Pain News Network reports that the powers that be in pain say that weed doesn’t really work for pain and that they need to do more research
That’ll make weed dealers very happy.
Pain management experts around the world are becoming more vocal about the growing use of medical marijuana as a treatment for chronic pain, saying there is little evidence to support the use of cannabis as an analgesic.
Today the Faculty of Pain Medicine at the Australian and New Zealand College of Anaesthetists (ANZCA) released new guidance urging doctors not to prescribe medical cannabis for patients with chronic, non-cancer pain unless they are enrolled in a clinical trial.
“Until there are results from high-quality, unbiased clinical trials which establish the effectiveness and safety of medicinal cannabis in treating chronic pain, the Faculty of Pain Medicine does not believe cannabinoid products should be prescribed,” Mick Vagg, MD, Dean of the Faculty of Pain Medicine, said in a statement.
“We want to highlight to healthcare providers that currently available medical cannabis products are not even close at this stage to showing that they deserve a place in the management of the complex patients who suffer from ongoing pain. We believe clinicians will welcome this clear guidance.”
ANZCA is a professional society for nearly 8,000 anesthesiologists and pain management specialists in Australia and New Zealand, and sets standards for pain medicine in both countries.
Australia and New Zealand have some of the highest rates of cannabis consumption in the world. But New Zealand only allows medical cannabis for terminally ill patients, while Australia requires a prescription for cannabis that is often difficult to obtain.
About one if five Australians live with chronic pain.
“By far the most common reason for the use of medicinal cannabis in this country is chronic pain − however there is a critical lack of evidence that it provides a consistent benefit for any type of chronic non-cancer pain, especially compared to the treatments we already strive to provide in pain clinics,” Vagg said.
“The research available is either unsupportive of using cannabinoid products in chronic non-cancer pain or is of such low quality that no valid scientific conclusion can be drawn. Cannabidiol-only formulations have never been the subject of a published randomised controlled trial for chronic pain treatment, yet they are the most commonly prescribed type of cannabis product.”
Vagg also said research is lacking in how cannabinoids react with pharmaceutical drugs, particularly in relation to their sedative and psychiatric side effects.
‘Hypothesis’ of Analgesia
ANZCA’s new guidance came just days after the International Association for the Study of Pain (IASP) released a position statement saying it could not endorse the use of cannabinoids to treat pain. IASP said there were preliminary studies supporting the “hypothesis of cannabinoid analgesia,” but not enough to overcome the lack of evidence on the safety and efficacy of cannabinoids.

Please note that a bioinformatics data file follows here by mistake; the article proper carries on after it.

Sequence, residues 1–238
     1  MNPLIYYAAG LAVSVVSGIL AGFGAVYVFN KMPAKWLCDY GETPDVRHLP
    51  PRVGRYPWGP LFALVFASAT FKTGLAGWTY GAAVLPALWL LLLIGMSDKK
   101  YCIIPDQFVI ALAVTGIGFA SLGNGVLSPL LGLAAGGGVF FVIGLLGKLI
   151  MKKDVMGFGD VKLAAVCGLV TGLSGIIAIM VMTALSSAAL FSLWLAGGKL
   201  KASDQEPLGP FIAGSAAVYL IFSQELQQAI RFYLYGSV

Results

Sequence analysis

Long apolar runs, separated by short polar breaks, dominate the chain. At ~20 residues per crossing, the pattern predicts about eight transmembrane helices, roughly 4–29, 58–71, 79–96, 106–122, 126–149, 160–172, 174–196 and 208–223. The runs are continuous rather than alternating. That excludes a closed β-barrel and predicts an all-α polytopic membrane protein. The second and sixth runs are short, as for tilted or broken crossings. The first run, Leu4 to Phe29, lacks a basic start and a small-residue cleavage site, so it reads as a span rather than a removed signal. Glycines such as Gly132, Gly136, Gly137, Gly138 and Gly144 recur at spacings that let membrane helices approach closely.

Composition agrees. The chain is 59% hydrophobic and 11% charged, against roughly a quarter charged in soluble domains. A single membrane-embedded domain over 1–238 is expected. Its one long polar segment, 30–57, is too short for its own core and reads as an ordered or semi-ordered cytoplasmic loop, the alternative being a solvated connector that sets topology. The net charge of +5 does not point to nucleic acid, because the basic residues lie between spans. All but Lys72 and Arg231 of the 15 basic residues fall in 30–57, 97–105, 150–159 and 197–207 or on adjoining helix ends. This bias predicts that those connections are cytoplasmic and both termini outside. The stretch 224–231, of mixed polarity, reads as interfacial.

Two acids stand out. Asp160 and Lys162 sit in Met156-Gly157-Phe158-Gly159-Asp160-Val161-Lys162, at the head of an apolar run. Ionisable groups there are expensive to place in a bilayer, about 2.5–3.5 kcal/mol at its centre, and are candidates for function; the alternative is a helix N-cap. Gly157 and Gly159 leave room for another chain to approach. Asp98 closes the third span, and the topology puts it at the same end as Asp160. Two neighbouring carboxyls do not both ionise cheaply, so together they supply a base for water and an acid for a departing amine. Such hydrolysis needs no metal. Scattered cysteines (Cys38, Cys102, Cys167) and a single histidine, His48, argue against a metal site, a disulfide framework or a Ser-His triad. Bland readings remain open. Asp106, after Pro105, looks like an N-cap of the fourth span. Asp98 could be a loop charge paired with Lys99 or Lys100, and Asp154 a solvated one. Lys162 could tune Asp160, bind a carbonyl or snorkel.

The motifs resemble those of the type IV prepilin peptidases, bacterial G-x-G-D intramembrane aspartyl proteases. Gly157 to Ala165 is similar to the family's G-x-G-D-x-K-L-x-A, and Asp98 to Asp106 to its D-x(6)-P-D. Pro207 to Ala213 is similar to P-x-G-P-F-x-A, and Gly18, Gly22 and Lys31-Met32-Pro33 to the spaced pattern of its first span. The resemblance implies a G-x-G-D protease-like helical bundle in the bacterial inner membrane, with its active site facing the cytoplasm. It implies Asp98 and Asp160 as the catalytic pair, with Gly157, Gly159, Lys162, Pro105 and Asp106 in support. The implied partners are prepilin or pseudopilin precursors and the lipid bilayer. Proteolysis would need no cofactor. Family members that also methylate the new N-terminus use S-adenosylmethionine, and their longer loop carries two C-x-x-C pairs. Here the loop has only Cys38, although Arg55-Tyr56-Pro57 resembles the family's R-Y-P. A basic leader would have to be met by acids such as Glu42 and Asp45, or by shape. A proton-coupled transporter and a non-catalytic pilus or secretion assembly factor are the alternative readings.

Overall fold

“While IASP cannot endorse the general use of cannabinoids for treatment of pain at this time, we do not wish to dismiss the lived experiences of people with pain who have found benefit from their use,” said Andrew Rice, MD, chair of IASP’s Presidential Task Force on Cannabis and Cannabinoid Analgesia.
“This is not a door closing on the topic, but rather a call for more rigorous and robust research to better understand any potential benefits and harms related to the possible use of medical cannabis, cannabis-based medicines and synthetic cannabinoids for pain relief, and to ensure the safety of patients and the public through regulatory standards and safeguards.”
Rice said IASP was concerned that laws allowing the use of medical marijuana were being adopted without the same rigor and regulatory procedures that are followed for pharmaceutical products. Patients who self-treat their pain with cannabis are also at risk, according to Rice, because their doctors often don’t know about their cannabis use.
“IASP is also calling for the delivery of a comprehensive research agenda. Priorities include identifying patients with pain who may receive the most benefit from cannabis or cannabinoids, and who may be at risk of the most harm,” said former IASP president Lars Arendt-Nielsen, MD, who co-chaired the Cannabis Task Force.
Supporters of medical cannabis dispute the contention that there is inadequate evidence about the use of cannabis for pain.
“These recommendations are political, not scientific. Several peer-reviewed trials have concluded that inhaled cannabis is safe and effective for treating various types of pain, in particular neuropathic pain,” Paul Armentano, Deputy Director of NORML, said in an email to PNN.
Armentano cited a 2017 study from the U.S. National Academy of Sciences, which found “conclusive or substantial evidence” that cannabis is an effective treatment for chronic pain.
“In the real world, the therapeutic use of cannabis is rising among chronic pain patients, many of whom are substituting it in place of opioids. In jurisdictions where cannabis is legally available, chronic pain is the most qualifying condition among medical cannabis patients enrolled in state-specific access programs. To willfully ignore these data is indicative that political considerations, rather than scientific considerations, influenced this group’s decision,” Armentano said.